West News Wire: Mahmoud Abbas, the president of the Palestinian Authority, made his first trip to Jenin since 2012 on Wednesday. The occupied West Bank city was upset with his administration’s persecution of activists and lack of response to Israeli attacks. 

The 87-year-old traveled by helicopter from the PA’s Ramallah headquarters and went to the Jenin refugee camp and cemetery, which are both home to numerous Palestinians who were killed by Israeli forces. 

When three senior PA officials attended the funerals for the 12 Palestinians who died in Israel’s massive operation on July 3rd, they were heckled by a throng at the same cemetery last week. 

The PA’s silence during the raid, which over two days damaged or destroyed more than 80% of homes in the Gaza Strip, has left many Palestinians feeling betrayed. 

Nearly 1,000 Palestinian armed guards were stationed in Jenin, according to local accounts, to protect Abbas’ arrival.  

Speaking to large audiences in Jenin, Abbas referred to the nearby refugee camp as a “icon of struggle and steadfastness” and promised to reconstruct it after the Israeli raid destroyed it.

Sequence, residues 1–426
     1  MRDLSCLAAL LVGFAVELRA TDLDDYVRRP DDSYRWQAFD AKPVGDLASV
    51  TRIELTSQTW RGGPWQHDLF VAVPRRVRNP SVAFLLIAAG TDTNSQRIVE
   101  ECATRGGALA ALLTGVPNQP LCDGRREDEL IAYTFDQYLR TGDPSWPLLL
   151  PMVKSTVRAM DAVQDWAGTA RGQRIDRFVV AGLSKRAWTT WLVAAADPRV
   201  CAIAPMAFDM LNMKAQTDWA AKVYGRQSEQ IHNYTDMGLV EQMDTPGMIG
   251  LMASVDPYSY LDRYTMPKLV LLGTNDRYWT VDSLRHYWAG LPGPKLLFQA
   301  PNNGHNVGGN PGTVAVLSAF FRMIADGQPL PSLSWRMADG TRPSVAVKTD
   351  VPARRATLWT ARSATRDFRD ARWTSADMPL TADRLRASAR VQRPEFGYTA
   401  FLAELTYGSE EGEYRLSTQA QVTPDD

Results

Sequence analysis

He also sternly warned those who, in his words, sought to undermine Palestinian unity. 

“We came to say that we are one authority, one state, and one law… and we will cut off the hand that tampers with the unity and security of our people,” he declared.  

After a brief stopover that lasted almost two hours, Abbas flew back to Ramallah in a chopper. 

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Abbas’ security cocoon contrasts sharply with that of his predecessor Yasser Arafat, who, up until his passing in 2004, frequently travelled between Palestinian cities, drawing sizable audiences. 

Abbas, on the other hand, hardly ever leaves Ramallah, where the PA is headquartered. 

In 2012, he last visited Palestinian cities like Jenin, Nablus, and Hebron. 

Under Abbas, the PA has grown disconnected from the daily struggles of ordinary Palestinians and appears powerless to offer essential services or put an end to the frequent Israeli raids across the occupied West Bank. 

Palestinian fatalities in the West Bank have reached record levels not seen since the Second Intifada, before Abbas became president, as a result of an increase in Israeli attacks over the past two years.  

The PA, established in 1994 following the Oslo Accords, holds devolved authority over parts of the occupied West Bank and was supposed to mark the first tentative step towards Palestinian sovereignty and negotiations over the creation of an independent state. 

In the years since its creation, however, it has become widely unpopular over its corruption, authoritarianism and security cooperation with Israel. Abbas has also long outstayed his mandate as president. 

The PA’s collapse would see governance of the occupied territory fully returned to the Israeli state, as was the case between 1967, when Israel conquered the territory, and 1993. 


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